Skip to Main Content
Sign In
Toggle Navigation

Open the Navigation Management window, which can be used to view the full current branch of the menu tree, and edit it.

CONNECT
  • Instagram
  • Facebook

MITRA Forum Question Details

Image Picker for Section 0

 ForumQuestion

  • Oil paint failureApproveRejectUn-ApproveSubscribeUn-Unsubscribe
    Question asked 2020-08-01 14:52:48 ... Most recent comment 2020-08-02 16:32:00
    Art Conservation Topics Grounds / Priming Oil Paint
    Question

    Hi all,

    I've just come back from Mallorca, Spain visiting my parents in law. I noticed one of the paintings they had in their house had quite substantial cracking (mostly in light areas.. zinc white?) and paint adhesion failure.

    The painting was dated with the signature to 1944 and received a lot of indirect (or direct) sunlight and high temperatures.

    I just thought it was interesting how badly the paint film was doing. I'm not sure if the canvas was primed correctly either?

    Thanks,
    Richard



Answers and Comments

  • ApproveRejectUn-ApproveUser Comment

    Picture:

    https://drive.google.com/file/d/1i0jjDkEWGbVDSzoiybgLd1xCDsMjHxhr/view?usp=sharing

    2020-08-01 14:56:47
  • EditDeleteModerator Answer

    There is general and severe cracking as well as a lack of adhesion between the canvas and ground. There are many possible reasons for this include faulty and too slick of a size layer, brittle ground materials, possibly a result of zinc oxide but it could be other things including the use of overly lean glue or even stack containing grounds. It is impossible to really pinpoint the cause without extensive testing and a survey of works by the same artist.

    Brian Baade
    2020-08-01 15:32:30
  • ApproveRejectUn-ApproveUser Comment

    ​If that's actually the ground layer exposed and not some pale slick synthetic flat weave canvas.  Then I don't think a brittle underlayer has telegraphed through to the painting layer because this seems free of cracks.  

    Back in the mid century, I'd reason most (though not all) white oil paint contained some degree of zinc oxide, including the Flake whites.  In as much as one can tell from one photo.  I think this failure is due to a brittle zinc oxide containing paint layer, subject to environmental extremes (as you say to periods of heat. (There doesn't appear to be the patterns of pressure cracking))  on a surface that provided poor adhesive qualities.  If there was a better ground, I'M GUESSING there would still be cracks, but less delamination.  

    With a lot of guesstimation,  Marc.

    2020-08-01 16:41:53
  • EditDeleteModerator Answer

    I am reading that as a bleached fabric. If it is the exposed ground, that would certainly point to problems with the paint itself. One of reasons for this could very likely be zinc white. It could also too lean paint applied over a slicker ground.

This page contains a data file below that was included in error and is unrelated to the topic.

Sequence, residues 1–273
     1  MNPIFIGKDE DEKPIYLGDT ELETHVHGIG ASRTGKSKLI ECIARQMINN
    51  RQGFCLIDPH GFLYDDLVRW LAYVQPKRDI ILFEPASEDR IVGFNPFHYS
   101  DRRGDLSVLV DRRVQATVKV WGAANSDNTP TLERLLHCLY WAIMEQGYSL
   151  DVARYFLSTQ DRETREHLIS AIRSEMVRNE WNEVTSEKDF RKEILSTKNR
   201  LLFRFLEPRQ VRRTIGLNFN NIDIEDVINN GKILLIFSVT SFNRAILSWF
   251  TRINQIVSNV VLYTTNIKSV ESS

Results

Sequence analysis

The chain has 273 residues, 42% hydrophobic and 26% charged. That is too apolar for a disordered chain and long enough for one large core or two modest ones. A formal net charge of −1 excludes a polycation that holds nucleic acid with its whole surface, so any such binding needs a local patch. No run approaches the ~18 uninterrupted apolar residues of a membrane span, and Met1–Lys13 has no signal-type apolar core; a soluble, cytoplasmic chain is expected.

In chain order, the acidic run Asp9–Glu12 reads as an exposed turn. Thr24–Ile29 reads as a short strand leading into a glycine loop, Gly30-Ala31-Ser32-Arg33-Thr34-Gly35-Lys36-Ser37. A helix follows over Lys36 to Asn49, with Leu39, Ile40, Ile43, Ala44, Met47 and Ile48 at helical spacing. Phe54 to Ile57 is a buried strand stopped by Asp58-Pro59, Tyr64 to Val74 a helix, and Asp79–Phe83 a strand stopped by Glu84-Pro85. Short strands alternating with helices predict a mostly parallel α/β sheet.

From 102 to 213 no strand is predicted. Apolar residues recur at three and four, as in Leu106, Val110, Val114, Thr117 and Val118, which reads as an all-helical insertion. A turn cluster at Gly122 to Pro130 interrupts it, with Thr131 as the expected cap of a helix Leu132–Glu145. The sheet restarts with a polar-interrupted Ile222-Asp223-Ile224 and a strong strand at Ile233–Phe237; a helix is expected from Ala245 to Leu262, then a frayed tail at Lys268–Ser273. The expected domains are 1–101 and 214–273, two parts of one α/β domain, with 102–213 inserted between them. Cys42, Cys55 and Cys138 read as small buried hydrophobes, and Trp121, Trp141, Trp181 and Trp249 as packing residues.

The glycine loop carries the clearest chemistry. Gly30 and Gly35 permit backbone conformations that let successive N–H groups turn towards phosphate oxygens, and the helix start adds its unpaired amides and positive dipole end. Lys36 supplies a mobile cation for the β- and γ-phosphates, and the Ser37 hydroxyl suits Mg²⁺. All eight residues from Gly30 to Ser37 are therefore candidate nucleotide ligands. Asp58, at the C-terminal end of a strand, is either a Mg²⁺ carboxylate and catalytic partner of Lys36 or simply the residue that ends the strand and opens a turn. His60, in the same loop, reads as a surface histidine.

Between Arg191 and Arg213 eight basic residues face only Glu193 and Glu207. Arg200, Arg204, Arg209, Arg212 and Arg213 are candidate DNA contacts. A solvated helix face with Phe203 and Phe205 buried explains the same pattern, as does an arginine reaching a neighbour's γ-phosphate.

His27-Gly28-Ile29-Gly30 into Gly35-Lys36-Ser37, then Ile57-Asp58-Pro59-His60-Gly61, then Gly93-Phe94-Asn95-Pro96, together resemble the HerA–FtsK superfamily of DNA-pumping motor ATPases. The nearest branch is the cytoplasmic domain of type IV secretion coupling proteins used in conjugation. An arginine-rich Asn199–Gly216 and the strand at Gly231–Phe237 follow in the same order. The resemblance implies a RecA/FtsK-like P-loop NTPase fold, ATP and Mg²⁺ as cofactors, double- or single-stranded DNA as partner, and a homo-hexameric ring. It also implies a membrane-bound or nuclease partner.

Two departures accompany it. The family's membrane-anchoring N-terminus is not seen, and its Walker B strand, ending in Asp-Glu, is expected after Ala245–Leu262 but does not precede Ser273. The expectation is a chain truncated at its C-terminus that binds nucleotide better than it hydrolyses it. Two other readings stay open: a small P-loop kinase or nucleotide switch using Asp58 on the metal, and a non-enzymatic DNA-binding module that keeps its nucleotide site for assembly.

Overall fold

This can also occur when a very fine has a thin ground making a very flimsy fabric and over this the artist applies a very thick application of paint. As the paint become more brittle overtime it flakes and delaminates.

    The paint could be desiccated due an overly dry or hot environment. I have seen similar appearing conditions when a painting has been baking under on of those picture lights. The damage is focused on the very spot under the circle of hot light.  It is very easy to always point to zinc oxide, and it has caused major issues, but there a thousands of paintings executed with the pigment since the 19th century that are not necessarily falling apart. It could obviously be the problem here, I just can't diagnose this from an isolated photo.

    Brian Baade
    2020-08-01 17:24:25
  • ApproveRejectUn-ApproveUser Comment

    ​Thank you both!

    I didn't get a photo of the whole painting. But this one shows a larger area. I couldn't see the paint failure and cracking in the lighter blue-green areas or some of the darkers. The paint layers in parts were quite thick too, although the painting seemed very matte (even the impasto areas).

    https://drive.google.com/file/d/1AmUNfHwBmxxGZasuDnNjIc7On5q3zKE5/view?usp=sharing

    2020-08-02 01:07:27
  • ApproveRejectUn-ApproveUser Comment

    ​From the second picture I can more clearly see what I now interpret to be a light weight canvas which would of had a very open mesh like nature and then had a white primer applied/pushed into it to fill the weave gaps.  The weave still standing proud and somewhat visible after the priming.  You can see the brown and green paint just skipping across the weave tops in thinly painted spots.

    2020-08-02 02:26:02
  • ApproveRejectUn-ApproveUser Comment

    ​I can see other areas where the tan coloured canvas is appearing through the paint. I can't see any white priming.. would it be raw canvas, or maybe a clear oil primer/ground?

    Richard 

    2020-08-02 07:18:25
  • EditDeleteModerator Answer

    The image quality is not good enough for me to make a definitive statement but the lacuna appear to me to be raw canvas. Again, there is little more that I can say using these images.  

    Brian Baade
    2020-08-02 16:32:00

Page Settings and MetaData:
(Not Shown on the Page)
Page Settings
question
No
MetaData for Search Engine Optimization
MITRA Forum Question Details
restricted
This page cannot be accessed until you accept the Terms of Use, which can be found here.
Please note that this Terms of Use system uses cookies. If you have cookies disabled you will not be able to accept the agreement. If you delete our cookies you will need to re-accept the Terms of Use.
  • The Department of Art Conservation
  • 303 Old College
  • University of Delaware
  • Newark, DE 19716, USA
  • Phone: 302-831-3489
  • art-conservation@udel.edu